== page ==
since the air coming in will be cold and your heating bills will go up very
quickly. Obviously you need fresh air but in a controlled fashion and at the
lowest possible cost. What is required is a ventilation system that is able to
supply warmed fresh air, be able to compensate for negative air pressures,
supply combustion air at a place and time when needed and be cheaper to run than
opening a window. Fortunately the US Plusaire«
system was designed to do
Carbon monoxide (CO) is called the silent
killer or the silent threat. This is because it is colorless, odorless, and
silent. It is formed as a by-product of combustion of carbon based fuels such as
natural gas, propane (LPG), coal, coke, furnace oil, kerosene and wood. Carbon
monoxide is absorbed by breathing and is 245 times more absorbent to the body
than oxygen. Symptoms of poisoning can be misdiagnosed as flu since they are
Dizziness and blurred
Nausea and vomiting
Confusion, weakness of
Insomnia and constantly
Cherry colored skin
High concentrations of 4000 parts per
million can kill in minutes but lesser amounts can produce any or all of the
above symptoms. A level of nine parts per million is reckoned to be the maximum
safe level over 24 hours which is very little so you can see just how deadly it
is. It is highly recommended that CO detectors be installed in your home at
places recommended by the manufacturer. These detectors can be purchased for
around $30, a small price to pay for protection.
The appliances that can generate CO within
your house are the furnace, boiler, water heater, un-vented fuel burning heaters
and solid fuel burning appliances. The three main problems are improper
installation, chimney or vent blocked by bricks or birds nests etc. and
inadequate ventilation, providing insufficient air to properly fuel the
Improper installation can be easily
checked by referring to the manufacturers installation instructions and by
having your heating system checked yearly by a qualified professional. A flue
system should be checked by a professional at the beginning and end of each
burning season and cleaned accordingly. A flue that is in poor condition will be
easily spotted and the appropriate action taken prior to disaster.
Supplying adequate combustion air is very
simple. A window opened in the room of the appliance is a good, cheap method but
not too practical since it will allow cold air in unless you close it when the
appliance goes off. A better solution is a US
sized for the house. It will supply not only adequate combustion air but
also ventilation air to compensate for any of the exhaust fans that tend to
depressurize the house.
Radon is an odorless invisible gas that is
produced naturally by the decay of the element of uranium. On average about six
atoms of Radon emerge from every square inch of soil per second. In the air
Radon is diluted to about 2 Pico curies per liter of air which is not dangerous
but in concentrations it has been found to cause lung cancer.
Radon gas can enter a house through a soil
floor or through any crack or hole in or around the basement.
Since prevention is better than cure it
would be wise to prevent any Radon from concentrating within the house. This can
be done in two ways:
First, by sealing up any crack or hole in
the basement wall and covering any earth floor with plastic sheeting. There are
companies that specialize in Radon protection sealing.
The second is to increase the ventilation
in the house so that concentrations cannot build up. All houses should have a
complete air change every three to four hours. This level of air change has been
found to be the most economical balancing air quality with heating costs.
Supplying adequate air is very
simple. A window opened in each room is a good, cheap method but not too
practical since it will allow cold air to enter. A better solution is a US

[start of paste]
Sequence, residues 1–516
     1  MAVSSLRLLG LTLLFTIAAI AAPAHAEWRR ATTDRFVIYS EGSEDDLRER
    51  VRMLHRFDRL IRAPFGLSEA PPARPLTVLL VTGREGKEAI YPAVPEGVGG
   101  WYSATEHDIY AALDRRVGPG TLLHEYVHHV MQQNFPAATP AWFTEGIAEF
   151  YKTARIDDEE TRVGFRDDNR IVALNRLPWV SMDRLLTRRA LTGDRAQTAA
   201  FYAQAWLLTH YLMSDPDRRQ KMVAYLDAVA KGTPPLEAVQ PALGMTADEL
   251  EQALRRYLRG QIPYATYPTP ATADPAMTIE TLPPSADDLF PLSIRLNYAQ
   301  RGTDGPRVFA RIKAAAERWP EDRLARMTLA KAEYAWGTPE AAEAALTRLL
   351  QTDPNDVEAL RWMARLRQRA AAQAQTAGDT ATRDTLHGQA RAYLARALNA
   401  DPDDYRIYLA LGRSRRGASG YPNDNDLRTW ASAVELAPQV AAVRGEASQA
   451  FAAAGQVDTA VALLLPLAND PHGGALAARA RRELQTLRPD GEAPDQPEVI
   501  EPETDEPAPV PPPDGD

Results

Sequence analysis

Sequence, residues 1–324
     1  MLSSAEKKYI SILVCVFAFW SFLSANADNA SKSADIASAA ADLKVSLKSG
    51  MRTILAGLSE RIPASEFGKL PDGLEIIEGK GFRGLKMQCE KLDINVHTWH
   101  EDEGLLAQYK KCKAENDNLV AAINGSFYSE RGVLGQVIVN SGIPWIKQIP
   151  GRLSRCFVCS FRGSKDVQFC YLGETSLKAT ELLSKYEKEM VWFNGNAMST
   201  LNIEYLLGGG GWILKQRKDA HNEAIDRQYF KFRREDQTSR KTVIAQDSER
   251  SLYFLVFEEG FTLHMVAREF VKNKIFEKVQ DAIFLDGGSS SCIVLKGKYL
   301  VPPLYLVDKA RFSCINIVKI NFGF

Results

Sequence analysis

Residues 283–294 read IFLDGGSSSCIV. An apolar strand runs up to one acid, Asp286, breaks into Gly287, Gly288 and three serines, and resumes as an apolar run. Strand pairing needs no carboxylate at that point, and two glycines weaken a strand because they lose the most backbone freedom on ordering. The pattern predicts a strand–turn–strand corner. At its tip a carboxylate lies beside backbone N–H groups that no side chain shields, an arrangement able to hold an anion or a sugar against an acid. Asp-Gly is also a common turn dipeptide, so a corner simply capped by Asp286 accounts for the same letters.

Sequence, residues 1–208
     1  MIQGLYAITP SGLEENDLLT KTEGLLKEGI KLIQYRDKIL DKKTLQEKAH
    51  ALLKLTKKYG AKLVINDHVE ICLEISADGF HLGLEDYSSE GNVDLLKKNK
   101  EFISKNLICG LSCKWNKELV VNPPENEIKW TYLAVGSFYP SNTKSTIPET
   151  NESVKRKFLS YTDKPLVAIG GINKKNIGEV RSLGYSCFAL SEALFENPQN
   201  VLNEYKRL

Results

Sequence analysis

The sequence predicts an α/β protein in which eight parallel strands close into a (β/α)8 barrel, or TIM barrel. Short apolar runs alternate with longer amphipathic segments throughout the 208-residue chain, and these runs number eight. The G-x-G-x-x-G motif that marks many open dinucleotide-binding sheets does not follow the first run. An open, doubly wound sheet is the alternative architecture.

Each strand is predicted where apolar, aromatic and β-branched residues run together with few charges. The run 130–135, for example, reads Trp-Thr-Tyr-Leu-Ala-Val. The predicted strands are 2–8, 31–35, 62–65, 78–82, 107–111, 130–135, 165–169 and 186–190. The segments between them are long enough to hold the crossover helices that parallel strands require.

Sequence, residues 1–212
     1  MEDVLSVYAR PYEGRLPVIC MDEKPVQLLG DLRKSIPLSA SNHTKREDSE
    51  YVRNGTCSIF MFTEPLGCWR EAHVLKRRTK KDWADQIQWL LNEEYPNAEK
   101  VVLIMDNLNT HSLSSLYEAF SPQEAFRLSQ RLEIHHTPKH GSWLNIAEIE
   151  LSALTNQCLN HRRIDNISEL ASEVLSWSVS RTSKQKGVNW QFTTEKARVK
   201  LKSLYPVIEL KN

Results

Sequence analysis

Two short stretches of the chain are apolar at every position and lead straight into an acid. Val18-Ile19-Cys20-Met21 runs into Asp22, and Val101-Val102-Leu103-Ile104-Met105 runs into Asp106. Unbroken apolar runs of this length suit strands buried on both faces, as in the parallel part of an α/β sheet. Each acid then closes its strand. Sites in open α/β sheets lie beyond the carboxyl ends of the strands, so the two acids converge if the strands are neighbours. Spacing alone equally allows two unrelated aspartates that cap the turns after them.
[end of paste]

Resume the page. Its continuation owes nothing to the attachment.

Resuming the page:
Plusaire« correctly sized
for the house. It will supply not only adequate ventilation air but also
combustion air to compensate for any of the combusting appliances that burn up
the oxygen in the house.
In the mid 1970's new houses were constructed
and were advertised as being energy efficient. This trend has grown to the
present. Now the houses are so energy efficient that some people boast of $300
yearly fuel bills. Building an energy efficient home really meant using better
built windows and doors and sealing up the structure to stop the outside air
from leaking in and the inside air from leaking out.
Unfortunately what was not apparent was
that the older houses had air leaks which supplied combustion and ventilation
air. What was starting to happen was that the energy efficient houses were
becoming tighter and indoor air quality was deteriorating as a result. The
tighter the house the worse the condition. Combustion and ventilation air is not
able to infiltrate into the house and combustion devices are being starved of
air. There is no replacement air for the exhaust fans to blow out which causes
the house to depressurize. Depressurizing a house can lead to a new set of
problems including carbon
monoxide poisoning. The
problem is not confined to new houses.
Anyone who has renovated with a few tubes
of caulking, new windows, doors or siding, has changed the air infiltration
rate. In every case the cost of heating would be less, but, tightening up the
structure, without considering the need for combustion or ventilation air, can
Symptoms of a too tight house are
condensation on the windows, smoke escaping from the fireplace or wood stove,
mold or mildew growing in corners or cupboards, residual smoking or cooking
odors and a general stale smell especially in the mornings. Another common sign
is a high humidity level that cannot be corrected.
While these symptoms are unpleasant and
undesirable, symptomatic health problems can be far moreserious. Constant headaches,
dizziness, sleepiness, watery eyes, coughing, breathing difficulties and in some cases
death can be attributed to houses with poor air. Most susceptible are the very
young and the elderly. Asthma sufferers and people with allergies are especially
susceptible to poor quality air.
Since the tightness of the house is
causing the health problems then it follows that if the house is made less tight
then related health problems will also cease. The common thread linking all of
these symptoms together is the lack of ventilation, and this can be verified
quite easily by following some simple steps. Begin by opening a window about
1", on each floor. Leave the windows open for 24 hours or until the house
symptoms are gone and then close the upper most window each day until the
symptoms reappear. This test requires very little effort and will only cost some
heat. Measure the amount of opening that is left and that is the amount of
opening that must be provided in the outside wall. This test will verify that
you have a lack of ventilation air.
The simplest form of adding ventilation
and combustion air is to keep the windows open but since the air coming in would
be freezing cold it is not too practical. What is required is a device that
brings in outside air, warms it, delivers it around the house and is as cheap to
operate as opening a window. A US Plusaire«
correctly sized for the house
is such a device.